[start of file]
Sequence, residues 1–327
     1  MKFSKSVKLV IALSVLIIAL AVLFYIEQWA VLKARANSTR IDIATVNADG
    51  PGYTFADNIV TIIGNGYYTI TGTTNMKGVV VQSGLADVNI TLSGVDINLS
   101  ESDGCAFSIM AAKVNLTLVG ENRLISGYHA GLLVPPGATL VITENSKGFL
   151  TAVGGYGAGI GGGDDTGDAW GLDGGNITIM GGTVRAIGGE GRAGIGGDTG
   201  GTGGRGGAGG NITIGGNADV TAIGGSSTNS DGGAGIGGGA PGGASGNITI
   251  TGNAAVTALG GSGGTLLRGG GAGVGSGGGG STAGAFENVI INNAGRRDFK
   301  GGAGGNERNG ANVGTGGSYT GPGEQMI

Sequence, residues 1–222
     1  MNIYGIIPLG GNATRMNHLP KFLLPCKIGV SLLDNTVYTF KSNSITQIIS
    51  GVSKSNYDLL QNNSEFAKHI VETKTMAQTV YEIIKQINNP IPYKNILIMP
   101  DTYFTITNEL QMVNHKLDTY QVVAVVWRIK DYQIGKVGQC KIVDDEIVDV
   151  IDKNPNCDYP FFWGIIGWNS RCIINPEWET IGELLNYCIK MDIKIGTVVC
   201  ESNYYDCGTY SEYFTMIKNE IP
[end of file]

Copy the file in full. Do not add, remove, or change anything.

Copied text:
Sequence, residues 1–327
     1  MKFSKSVKLV IALSVLIIAL AVLFYIEQWA VLKARANSTR IDIATVNADG
    51  PGYTFADNIV TIIGNGYYTI TGTTNMKGVV VQSGLADVNI TLSGVDINLS
   101  ESDGCAFSIM AAKVNLTLVG ENRLISGYHA GLLVPPGATL VITENSKGFL
   151  TAVGGYGAGI GGGDDTGDAW GLDGGNITIM GGTVRAIGGE GRAGIGGDTG
   201  GTGGRGGAGG NITIGGNADV TAIGGSSTNS DGGAGIGGGA PGGASGNITI
   251  TGNAAVTALG GSGGTLLRGG GAGVGSGGGG STAGAFENVI INNAGRRDFK
   301  GGAGGNERNG ANVGTGGSYT GPGEQMI

Sequence, residues 1–222
     1  MNIYGIIPLG GNATRMNHLP KFLLPCKIGV SLLDNTVYTF KSNSITQIIS
    51  GVSKSNYDLL QNNSEFAKHI VETKTMAQTV YEIIKQINNP IPYKNILIMP
   101  DTYFTITNEL QMVNHKLDTY QVVAVVWRIK DYQIGKVGQC KIVDDEIVDV
   151  IDKNPNCDYP FFWGIIGWNS RCIINPEWET IGELLNYCIK MDIKIGTVVC
   201  ESNYYDCGTY SEYFTMIKNE IP